What Makes a Movement

Monday, October 24, 2016

National Disability Employment Awareness Month (NDEAM) is observed each October. The theme this year is “#InclusionWorks.” How many people know this?

Employment of people with disabilities is a civil rights issue. Federal legislation prohibits discrimination and requires employers to provide reasonable accommodation for employees with disabilities. In addition to the legal imperative, evidence from the workplace shows that employing people with disabilities is good business.

A Louis Harris and Associates survey of 920 American employers revealed that employees with disabilities have about the same productivity levels as employees without disabilities. Some 90 per cent were rated as average or above average in performance of job duties. Nearly 80 per cent of the managers also said that their employees with a disability work as hard as or harder than their employees without a disability (Alberta Human Services). Other surveys have found similar results on performance and also lower than average absenteeism and job turnover.

So why are we still talking about this? Why are qualified people with disabilities almost twice as likely to be unemployed? What will it take to move people and change this? What will bring this idea into the light and change the way that society views it?

We have all witnessed changes in social values on everything from the use of seatbelts to smoking cigarettes. Sociologists note that change seems a long time in the making and then an issue reaches a tipping point, after which we realize that public opinion has shifted. What precedes this tipping point? What causes it? The concept of a sociological tipping point was made popular by author Malcolm Gladwell in his first book, also called the Tipping Point. He notes the seemingly random nature of the process and that "Ideas and products and messages and behaviors spread like viruses do."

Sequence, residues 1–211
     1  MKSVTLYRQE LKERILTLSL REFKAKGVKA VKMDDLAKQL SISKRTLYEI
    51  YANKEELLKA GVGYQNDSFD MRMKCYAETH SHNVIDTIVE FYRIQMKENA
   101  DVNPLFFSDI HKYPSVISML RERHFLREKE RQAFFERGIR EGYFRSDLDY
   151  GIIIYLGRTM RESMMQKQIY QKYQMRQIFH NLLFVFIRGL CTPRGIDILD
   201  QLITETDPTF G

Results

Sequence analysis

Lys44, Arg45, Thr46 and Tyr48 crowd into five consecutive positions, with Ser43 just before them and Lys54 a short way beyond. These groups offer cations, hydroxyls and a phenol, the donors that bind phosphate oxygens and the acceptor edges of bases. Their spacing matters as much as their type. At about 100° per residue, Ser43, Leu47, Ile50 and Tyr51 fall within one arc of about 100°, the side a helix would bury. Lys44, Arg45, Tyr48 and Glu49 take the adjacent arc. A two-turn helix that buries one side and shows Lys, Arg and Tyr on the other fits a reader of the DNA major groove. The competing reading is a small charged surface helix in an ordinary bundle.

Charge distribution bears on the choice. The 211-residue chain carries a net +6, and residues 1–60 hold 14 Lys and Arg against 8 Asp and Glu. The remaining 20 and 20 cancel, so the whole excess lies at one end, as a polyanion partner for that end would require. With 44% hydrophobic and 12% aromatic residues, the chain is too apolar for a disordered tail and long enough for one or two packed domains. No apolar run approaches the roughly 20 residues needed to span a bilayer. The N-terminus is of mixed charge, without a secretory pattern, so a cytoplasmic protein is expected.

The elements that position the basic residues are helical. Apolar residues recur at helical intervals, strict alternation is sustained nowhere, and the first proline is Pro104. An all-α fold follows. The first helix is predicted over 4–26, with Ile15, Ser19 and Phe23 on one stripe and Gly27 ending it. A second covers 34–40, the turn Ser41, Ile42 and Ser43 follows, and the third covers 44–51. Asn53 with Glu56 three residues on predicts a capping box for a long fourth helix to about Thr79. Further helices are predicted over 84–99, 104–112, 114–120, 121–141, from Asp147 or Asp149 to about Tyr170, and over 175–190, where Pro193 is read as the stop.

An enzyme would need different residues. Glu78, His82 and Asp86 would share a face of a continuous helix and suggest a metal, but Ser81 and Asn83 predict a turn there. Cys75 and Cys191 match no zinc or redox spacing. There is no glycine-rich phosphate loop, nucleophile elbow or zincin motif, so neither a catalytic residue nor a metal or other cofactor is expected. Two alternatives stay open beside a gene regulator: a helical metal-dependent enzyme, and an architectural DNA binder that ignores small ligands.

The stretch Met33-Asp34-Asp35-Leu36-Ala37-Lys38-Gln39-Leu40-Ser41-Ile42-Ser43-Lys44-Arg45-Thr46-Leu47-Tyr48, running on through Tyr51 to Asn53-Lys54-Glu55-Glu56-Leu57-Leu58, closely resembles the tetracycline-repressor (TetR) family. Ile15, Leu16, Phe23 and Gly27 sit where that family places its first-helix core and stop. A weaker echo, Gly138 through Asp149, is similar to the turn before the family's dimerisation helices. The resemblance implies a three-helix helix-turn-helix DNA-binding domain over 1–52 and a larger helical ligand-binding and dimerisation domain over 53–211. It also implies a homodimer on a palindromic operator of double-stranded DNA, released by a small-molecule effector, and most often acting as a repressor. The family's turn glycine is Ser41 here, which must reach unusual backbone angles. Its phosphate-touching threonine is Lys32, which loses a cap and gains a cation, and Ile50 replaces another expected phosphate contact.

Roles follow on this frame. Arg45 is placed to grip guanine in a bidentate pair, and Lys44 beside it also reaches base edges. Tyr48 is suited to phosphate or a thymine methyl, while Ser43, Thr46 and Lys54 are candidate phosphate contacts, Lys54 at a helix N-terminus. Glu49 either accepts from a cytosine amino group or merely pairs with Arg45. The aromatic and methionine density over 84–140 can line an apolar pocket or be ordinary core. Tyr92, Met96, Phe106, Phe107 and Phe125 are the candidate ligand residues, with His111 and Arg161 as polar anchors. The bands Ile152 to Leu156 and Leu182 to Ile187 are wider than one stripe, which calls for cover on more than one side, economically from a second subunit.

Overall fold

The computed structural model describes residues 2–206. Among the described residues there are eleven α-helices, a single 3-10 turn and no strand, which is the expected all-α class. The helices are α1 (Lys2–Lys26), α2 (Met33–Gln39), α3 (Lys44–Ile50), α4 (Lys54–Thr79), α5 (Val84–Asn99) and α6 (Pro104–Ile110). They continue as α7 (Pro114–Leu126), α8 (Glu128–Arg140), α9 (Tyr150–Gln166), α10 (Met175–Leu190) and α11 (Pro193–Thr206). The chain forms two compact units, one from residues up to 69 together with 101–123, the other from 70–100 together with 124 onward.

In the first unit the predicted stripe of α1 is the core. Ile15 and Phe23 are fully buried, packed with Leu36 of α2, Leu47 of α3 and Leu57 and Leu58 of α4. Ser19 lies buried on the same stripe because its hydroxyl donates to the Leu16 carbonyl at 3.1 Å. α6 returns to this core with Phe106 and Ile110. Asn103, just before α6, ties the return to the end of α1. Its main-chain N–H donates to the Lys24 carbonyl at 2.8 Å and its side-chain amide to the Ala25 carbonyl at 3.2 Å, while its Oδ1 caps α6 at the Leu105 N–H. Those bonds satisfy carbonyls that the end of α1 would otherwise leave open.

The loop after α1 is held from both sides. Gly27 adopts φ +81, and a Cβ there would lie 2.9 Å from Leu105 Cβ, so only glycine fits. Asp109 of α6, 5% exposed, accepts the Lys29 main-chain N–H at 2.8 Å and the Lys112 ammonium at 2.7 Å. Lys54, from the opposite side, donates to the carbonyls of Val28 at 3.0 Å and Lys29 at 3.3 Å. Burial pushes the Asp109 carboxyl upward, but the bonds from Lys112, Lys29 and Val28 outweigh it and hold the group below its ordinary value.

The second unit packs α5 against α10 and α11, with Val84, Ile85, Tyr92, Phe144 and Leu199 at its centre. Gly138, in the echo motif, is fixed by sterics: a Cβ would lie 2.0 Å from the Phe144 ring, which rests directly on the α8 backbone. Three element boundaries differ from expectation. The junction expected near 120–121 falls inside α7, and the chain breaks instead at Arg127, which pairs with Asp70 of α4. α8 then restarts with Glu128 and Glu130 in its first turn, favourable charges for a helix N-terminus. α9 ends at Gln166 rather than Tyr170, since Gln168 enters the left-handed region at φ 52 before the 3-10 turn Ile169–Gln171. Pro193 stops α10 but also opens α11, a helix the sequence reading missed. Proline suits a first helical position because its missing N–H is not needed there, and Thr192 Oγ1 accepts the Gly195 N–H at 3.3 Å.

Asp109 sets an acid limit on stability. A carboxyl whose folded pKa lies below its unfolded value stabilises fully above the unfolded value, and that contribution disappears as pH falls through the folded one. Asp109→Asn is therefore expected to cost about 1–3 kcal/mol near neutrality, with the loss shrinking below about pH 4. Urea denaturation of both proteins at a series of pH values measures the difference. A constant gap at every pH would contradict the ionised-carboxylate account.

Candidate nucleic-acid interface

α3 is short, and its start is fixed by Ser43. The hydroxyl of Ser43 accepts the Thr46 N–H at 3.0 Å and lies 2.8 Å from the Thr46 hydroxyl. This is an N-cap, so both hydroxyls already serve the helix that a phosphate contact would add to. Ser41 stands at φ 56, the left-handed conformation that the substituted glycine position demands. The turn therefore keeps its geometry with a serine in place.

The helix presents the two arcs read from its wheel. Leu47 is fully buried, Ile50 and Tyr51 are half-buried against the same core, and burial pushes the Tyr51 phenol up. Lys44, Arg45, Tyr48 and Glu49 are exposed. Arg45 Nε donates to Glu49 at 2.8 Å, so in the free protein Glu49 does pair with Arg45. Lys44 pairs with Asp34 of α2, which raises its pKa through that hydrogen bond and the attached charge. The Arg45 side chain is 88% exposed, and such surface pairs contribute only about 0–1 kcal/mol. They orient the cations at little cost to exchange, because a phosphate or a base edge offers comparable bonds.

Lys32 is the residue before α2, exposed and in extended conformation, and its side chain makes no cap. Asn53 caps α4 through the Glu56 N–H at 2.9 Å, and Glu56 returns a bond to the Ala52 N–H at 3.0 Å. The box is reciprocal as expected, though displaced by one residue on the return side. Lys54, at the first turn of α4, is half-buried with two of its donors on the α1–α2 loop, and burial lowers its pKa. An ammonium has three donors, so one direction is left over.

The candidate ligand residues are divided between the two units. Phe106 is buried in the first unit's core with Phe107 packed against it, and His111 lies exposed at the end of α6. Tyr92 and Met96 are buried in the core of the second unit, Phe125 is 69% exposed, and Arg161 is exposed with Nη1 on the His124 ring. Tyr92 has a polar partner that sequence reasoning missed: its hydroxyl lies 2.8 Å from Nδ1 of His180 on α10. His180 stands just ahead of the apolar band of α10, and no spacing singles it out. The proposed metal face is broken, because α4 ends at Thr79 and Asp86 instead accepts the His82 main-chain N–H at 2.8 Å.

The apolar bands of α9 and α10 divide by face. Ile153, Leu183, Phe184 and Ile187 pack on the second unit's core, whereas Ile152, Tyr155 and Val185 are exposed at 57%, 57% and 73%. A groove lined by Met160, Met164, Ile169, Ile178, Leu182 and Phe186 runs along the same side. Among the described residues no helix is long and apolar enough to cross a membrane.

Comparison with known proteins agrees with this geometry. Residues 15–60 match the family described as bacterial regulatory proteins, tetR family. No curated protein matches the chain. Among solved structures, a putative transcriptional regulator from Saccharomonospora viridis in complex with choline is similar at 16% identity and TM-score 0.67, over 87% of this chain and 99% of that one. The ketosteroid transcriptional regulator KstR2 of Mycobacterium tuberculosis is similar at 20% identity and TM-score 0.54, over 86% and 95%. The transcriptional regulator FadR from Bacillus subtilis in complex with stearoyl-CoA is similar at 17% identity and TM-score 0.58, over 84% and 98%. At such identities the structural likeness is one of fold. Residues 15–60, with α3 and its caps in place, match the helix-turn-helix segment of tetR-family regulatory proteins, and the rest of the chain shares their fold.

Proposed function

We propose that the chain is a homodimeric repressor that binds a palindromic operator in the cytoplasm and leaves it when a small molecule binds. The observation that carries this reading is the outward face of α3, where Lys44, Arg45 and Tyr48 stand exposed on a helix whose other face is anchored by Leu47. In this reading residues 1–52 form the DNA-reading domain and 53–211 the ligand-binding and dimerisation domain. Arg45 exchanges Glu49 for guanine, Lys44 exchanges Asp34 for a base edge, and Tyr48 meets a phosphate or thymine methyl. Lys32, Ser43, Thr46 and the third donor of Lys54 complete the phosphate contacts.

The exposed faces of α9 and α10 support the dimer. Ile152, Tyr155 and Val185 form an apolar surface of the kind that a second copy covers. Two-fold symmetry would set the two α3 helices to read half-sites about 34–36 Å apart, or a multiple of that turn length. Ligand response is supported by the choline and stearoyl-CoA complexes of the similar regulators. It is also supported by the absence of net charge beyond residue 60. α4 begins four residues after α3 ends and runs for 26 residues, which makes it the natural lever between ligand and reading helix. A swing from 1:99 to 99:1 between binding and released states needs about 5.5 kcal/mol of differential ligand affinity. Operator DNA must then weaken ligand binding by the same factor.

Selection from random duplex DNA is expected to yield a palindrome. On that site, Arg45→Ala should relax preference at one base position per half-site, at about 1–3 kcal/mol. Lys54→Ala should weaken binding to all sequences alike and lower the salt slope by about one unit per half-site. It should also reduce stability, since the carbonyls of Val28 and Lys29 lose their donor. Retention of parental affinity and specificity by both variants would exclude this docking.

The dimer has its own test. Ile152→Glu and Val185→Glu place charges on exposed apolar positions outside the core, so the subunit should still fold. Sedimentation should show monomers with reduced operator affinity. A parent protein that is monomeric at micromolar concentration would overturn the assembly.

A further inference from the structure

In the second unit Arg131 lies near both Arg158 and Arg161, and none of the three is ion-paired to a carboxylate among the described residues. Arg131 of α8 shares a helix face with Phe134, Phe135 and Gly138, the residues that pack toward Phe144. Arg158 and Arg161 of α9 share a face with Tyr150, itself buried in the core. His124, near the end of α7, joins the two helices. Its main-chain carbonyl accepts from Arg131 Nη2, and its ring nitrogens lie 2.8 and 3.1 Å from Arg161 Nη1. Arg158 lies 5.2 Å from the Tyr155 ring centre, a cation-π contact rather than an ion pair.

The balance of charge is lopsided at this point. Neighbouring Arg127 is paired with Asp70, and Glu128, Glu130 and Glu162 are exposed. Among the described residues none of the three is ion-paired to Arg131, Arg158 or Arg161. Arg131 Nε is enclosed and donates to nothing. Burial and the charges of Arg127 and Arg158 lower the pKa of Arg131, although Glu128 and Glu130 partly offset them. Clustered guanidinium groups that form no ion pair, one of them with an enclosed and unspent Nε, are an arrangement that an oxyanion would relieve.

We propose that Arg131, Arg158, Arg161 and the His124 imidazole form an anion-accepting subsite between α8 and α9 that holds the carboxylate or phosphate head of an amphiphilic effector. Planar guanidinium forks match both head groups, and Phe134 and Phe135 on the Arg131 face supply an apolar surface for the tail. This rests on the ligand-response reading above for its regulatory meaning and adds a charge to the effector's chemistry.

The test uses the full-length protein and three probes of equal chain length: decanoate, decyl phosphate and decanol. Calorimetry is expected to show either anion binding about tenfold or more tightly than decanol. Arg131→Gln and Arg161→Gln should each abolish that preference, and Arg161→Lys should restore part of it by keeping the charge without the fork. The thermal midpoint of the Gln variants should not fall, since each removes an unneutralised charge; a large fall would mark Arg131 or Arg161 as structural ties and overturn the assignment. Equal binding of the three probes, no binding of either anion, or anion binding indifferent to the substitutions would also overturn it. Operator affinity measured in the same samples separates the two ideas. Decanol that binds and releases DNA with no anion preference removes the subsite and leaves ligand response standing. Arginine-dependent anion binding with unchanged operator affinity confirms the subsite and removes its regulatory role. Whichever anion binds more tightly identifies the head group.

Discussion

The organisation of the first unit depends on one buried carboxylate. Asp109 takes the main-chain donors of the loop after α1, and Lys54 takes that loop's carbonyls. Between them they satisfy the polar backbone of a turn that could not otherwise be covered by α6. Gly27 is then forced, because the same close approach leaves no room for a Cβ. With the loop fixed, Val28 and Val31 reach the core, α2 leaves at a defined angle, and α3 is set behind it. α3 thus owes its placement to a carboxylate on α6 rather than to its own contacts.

It is anybody’s guess when disability employment will become mainstream. Anti-discrimination legislation is in place. There is evidence that disability inclusion is beneficial to employers. All that remains is for the issue to reach critical mass.

Going back to Malcolm Gladwell, the virus of social change will be spread by leaders and persuaders. It is people who will ultimately push this idea over the top. Check out this Tedx talk by Randy Lewis, a former V.P. at Walgreens, Notice how he uses the power of individual’s stories to persuade.  

Foundation grantees – and people served by grantees – will be among the persuaders. See the letter from Sammy Shipman, a graduate of the Statler Center, which is included in this month’s Report. These, and stories like them, make a movement.

The Foundation continues to support the movement for disability inclusion in the workplace with its grant making and its voice. Similarly, it continues to support movements for education and social justice for disadvantaged and Indigenous Peoples. Change is coming; we don’t know when. In the words of our 2015 Annual Report, we will “Keep Going.”